When I think of all the coincidences in the Old Priory, it IS like a fairytale....almost too good to be true.
In the same way, in "Nethergate ", Annabelle is brought back to the county where her beloved old home, Nethergate is. Her mother is descending into a fantasy world and has lost interest in her when, abracadabra, out of the blue, Stephen Fennel, with whose wife Dilys Annabelle is staying, brings a new neighbour to visit who has just inherited Nethergate- and it is John Franklin, whom Annabelle met on a stormy night when she was at school, fell in love with at first sight, and then lost sight of. It appears that John did the same, and now they have each other, AND the house Annabelle worships and that her mother is tied to .... happily ever after !
A common leitmotif here is Annabelle's hair ( because of which her grandfather repudiates her, she being the natural child of his dead son, and all her misfortunes stem from that ) and Alan's hair ( he being equally illegitimate ) - the same chestnut !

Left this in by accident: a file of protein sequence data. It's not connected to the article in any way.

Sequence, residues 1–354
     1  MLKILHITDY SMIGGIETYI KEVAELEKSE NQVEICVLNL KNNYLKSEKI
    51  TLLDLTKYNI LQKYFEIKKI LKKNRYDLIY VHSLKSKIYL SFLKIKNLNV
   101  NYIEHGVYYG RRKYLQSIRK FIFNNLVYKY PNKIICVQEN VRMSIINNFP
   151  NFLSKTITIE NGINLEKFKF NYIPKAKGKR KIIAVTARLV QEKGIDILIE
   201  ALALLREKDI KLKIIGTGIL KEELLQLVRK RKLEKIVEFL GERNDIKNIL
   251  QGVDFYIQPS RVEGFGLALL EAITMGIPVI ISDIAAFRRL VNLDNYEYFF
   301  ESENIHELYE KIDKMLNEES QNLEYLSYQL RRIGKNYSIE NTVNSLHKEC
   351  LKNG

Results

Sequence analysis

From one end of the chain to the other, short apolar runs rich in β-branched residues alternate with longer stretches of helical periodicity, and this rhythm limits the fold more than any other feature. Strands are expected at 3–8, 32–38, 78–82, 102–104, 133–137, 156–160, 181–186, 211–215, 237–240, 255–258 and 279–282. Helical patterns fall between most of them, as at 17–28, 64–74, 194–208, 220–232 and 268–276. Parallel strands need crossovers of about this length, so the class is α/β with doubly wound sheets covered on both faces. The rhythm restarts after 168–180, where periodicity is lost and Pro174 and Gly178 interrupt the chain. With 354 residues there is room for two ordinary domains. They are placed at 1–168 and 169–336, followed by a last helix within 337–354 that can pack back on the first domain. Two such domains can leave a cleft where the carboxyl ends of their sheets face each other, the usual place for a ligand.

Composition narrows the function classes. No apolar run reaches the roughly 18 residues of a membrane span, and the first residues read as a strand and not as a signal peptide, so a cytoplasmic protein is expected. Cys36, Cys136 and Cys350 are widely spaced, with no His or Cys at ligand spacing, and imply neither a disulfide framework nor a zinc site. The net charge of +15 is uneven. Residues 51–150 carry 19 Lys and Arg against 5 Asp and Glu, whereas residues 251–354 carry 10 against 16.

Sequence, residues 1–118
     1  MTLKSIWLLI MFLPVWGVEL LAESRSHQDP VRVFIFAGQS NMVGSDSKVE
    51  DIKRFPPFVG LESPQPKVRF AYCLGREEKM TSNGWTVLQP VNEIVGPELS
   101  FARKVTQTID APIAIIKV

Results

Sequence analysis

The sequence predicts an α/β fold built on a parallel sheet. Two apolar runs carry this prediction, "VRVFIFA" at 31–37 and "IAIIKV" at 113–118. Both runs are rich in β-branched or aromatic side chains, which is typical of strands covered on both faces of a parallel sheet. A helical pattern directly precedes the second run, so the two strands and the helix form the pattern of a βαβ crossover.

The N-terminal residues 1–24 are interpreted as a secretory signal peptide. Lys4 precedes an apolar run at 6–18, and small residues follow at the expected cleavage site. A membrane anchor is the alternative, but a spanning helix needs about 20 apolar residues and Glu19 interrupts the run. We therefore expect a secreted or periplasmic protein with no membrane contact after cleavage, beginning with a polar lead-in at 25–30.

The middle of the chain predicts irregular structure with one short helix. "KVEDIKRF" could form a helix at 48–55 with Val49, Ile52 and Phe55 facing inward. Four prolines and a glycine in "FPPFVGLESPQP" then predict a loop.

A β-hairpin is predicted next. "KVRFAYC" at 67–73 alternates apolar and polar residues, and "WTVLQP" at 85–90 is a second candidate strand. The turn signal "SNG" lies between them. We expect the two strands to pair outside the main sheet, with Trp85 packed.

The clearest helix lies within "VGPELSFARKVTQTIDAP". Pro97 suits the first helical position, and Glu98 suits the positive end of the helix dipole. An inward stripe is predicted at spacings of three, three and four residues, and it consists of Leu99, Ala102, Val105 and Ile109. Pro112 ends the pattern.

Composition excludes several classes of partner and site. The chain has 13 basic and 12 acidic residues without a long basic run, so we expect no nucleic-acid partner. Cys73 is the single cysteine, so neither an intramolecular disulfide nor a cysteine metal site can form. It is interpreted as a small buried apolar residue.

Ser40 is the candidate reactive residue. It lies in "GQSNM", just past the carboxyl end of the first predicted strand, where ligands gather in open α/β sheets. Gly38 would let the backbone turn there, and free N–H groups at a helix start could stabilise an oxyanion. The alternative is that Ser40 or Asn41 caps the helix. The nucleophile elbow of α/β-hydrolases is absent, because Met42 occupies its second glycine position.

Peggy (peggy908) | 884 comments Terrific insights, Tanya! You also remembered all the details from Nethergate. Your mention of Annabelle's hair reminded me of the episode where she was looking out the window (as a child) during a snowstorm and someone commented that it was "just like a picture" and her grandfather got furious because he thought they said "just like THE picture" (of his son, Annabelle's father). As you said, he refused to recognize her as his granddaughter.

And it is amazing how many characters from NL's books have that striking chestnut hair color!


message 30: by MaryC (new)

MaryC Clawsey | 704 comments Peggy, Tanya, I've often thought that Nethergate would make an especially good movie, because of that last scene. The role of the most recent John Franklin would be a great way to introduce a new leading-man type--a small but romantic and memorable role. Imagine the music that would be played as he comes into Steven and Annabelle's sight in the parlor at Ockley!